Larner saw it as exactly the opposite—rock as the sound of mass complacency. He attributed the genre’s rise to the fact that black jazz musicians after World War II ditched big band for bebop, an aggressive and experimental style that “the teen-age set found … nearly impossible to dance to.” Rock filled the sock-hop void through its defining feature: the beat. “When the listener submits himself to the beat, he loosens his mind from its moorings in space and time; no longer does he feel a separation between himself and his surroundings,” Larner wrote. “Rock ‘n’ roll is the only form in modern music which deliberately seeks these effects and no other.” Jazz could sometimes hypnotize an audience, he said, but not like rock could—to lose your mind to music, you need repetition, not improvisation.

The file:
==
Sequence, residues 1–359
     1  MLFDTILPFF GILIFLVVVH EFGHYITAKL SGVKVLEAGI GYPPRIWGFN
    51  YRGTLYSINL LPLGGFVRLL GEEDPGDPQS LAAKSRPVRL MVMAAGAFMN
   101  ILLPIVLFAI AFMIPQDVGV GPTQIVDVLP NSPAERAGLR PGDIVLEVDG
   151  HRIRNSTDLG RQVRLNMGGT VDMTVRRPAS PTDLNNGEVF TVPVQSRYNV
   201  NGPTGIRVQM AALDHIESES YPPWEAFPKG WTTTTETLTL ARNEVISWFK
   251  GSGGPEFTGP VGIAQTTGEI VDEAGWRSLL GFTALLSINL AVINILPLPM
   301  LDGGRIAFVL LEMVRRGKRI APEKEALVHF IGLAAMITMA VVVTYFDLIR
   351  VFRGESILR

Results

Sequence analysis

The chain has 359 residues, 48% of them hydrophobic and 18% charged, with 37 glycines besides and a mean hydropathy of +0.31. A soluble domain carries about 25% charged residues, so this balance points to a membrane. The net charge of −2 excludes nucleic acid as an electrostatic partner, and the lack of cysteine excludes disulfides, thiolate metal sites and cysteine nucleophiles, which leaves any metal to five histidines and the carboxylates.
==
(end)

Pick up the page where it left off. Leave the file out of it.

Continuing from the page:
So powerful was the rock beat that all other attributes of the music were presented as secondary, or totally inconsequential. “‘Positive’ lyrics are mostly a sop to minds that do not want to know what they are thinking,” he wrote, before describing a rock-gospel vocalist futilely singing praises to God even as the “the music itself rocked on and out away from the words into a new wild night of nihilism.” This nihilism, he said, allowed rock to placate adolescent angst, not by channelling it toward the outer world but by making it a pleasure in itself: “Through exposure to rock ‘n’ roll, teen-agers learn to handle their aggressions and discontents—not through understanding, criticism, and self-conscious social rebellion, but through surrendering them to manufactured purgative.”